In an attempt to get people to pay attention to Steven Hall's novel The Raw Shark Texts, his publisher, Canongate, has created an online "alternate reality" game that uses working phone numbers, YouTube, Flickr, and independent Websites to lure game-players into a mystery with a real-world prize.
In an attempt to get people to pay attention to their "alternate reality" game, Steven Hall's publisher, Canongate, has gotten Publishers Weekly to write about the game.
And of course that's always the problem with guerrilla marketing efforts like this. As far back as the first known example of an alternate-reality game used as indirect marketing, the innovative and exciting game The Beast, created by Microsoft to market Steven Spielberg's A.I., game designers have had a hard time getting people to notice their hard work — since part of the point of these games is that they are meant to seem unobtrusive and under-the-radar.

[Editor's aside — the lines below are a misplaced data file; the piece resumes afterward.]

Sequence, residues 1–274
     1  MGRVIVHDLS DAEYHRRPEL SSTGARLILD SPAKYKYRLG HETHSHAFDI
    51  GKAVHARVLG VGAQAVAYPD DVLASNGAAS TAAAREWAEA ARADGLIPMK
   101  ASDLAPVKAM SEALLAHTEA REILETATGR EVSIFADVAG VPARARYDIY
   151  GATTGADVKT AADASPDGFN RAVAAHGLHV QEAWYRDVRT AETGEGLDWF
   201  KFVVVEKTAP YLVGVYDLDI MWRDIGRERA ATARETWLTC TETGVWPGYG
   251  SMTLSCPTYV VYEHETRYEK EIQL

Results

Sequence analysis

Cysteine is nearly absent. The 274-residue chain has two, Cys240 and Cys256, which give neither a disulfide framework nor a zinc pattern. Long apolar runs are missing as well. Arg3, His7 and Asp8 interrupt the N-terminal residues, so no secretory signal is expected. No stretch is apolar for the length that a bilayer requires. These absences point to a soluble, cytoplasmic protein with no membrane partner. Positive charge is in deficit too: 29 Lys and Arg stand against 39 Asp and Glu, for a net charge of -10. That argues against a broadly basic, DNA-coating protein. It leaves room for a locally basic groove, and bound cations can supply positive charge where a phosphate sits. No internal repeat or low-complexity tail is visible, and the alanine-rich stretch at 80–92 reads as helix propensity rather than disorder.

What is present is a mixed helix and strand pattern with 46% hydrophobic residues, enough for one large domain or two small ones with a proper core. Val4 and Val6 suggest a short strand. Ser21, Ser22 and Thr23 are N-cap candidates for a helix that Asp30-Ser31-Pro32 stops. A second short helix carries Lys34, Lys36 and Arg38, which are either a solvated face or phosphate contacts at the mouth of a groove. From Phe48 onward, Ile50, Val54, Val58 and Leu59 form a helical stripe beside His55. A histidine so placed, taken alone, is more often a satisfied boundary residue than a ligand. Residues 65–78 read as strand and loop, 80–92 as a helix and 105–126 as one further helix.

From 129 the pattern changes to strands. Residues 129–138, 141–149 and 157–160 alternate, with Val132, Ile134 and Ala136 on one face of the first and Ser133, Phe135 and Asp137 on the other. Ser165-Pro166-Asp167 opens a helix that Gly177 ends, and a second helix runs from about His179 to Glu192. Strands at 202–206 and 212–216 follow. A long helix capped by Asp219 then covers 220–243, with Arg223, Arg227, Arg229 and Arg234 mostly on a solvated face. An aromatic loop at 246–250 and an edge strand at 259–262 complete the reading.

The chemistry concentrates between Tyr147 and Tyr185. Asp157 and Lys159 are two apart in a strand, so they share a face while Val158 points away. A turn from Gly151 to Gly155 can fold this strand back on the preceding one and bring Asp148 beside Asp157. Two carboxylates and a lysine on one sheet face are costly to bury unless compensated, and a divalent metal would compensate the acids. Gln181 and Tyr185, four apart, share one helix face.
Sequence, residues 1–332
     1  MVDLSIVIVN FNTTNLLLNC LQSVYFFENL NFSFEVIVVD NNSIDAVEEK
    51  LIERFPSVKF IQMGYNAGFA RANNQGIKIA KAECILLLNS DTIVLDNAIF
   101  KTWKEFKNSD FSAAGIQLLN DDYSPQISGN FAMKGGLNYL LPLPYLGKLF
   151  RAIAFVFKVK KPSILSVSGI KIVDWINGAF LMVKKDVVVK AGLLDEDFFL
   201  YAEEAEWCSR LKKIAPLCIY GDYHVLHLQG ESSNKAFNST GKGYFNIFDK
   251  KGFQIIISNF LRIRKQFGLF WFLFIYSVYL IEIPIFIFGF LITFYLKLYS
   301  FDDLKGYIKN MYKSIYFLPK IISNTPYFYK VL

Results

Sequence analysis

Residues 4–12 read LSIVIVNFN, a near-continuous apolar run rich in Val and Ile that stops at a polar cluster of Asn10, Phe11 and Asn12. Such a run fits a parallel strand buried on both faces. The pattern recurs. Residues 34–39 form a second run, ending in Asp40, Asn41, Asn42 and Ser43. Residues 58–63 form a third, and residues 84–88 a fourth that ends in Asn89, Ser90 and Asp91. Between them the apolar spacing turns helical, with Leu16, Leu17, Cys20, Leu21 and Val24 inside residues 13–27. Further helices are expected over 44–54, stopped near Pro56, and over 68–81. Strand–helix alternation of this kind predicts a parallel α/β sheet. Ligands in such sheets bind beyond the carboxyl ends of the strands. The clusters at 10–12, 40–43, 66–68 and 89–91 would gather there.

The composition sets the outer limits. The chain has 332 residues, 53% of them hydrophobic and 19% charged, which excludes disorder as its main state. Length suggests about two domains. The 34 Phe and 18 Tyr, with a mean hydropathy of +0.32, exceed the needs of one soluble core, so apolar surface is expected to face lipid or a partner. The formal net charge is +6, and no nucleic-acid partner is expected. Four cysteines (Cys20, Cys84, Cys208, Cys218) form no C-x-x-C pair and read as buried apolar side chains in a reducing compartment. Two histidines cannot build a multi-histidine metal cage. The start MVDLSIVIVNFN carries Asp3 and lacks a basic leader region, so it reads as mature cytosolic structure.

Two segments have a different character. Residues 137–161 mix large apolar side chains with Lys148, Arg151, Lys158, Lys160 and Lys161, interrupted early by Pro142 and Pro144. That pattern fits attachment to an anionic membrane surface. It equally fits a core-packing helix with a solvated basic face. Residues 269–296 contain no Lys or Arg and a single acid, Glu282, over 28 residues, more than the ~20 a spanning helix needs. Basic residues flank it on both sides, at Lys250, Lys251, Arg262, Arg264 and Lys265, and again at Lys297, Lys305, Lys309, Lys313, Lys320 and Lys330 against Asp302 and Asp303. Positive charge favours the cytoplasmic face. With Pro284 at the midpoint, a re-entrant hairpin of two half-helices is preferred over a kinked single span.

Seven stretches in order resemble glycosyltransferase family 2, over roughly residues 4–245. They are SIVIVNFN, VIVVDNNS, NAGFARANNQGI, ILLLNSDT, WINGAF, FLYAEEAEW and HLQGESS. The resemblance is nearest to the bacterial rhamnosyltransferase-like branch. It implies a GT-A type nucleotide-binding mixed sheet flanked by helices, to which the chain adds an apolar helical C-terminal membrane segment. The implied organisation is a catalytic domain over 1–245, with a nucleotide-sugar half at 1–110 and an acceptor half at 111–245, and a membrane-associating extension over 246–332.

In the case of The Beast, the game's popularity only exploded when a tipped-off Ain't It Cool News featured the clues hidden on A.I.'s poster. In the case of lostenvelope.com, the origin site of The Raw Shark Texts' game, we don't know that the PW story will help. We followed the clues to Flickr, then to YouTube, and even called the U.K. phone number one of the game's YouTube movies directed us to. But then we got bored with the flashing lights and the static and the cryptic messages.
The game clearly needs the help, given that under a thousand people have viewed the clips, and around half the YouTube comments seem planted. Without a Cloudmakers-like group working together to solve this thing, the Raw Shark game seems destined to be subject to dissociative amnesia on the part of the reading public.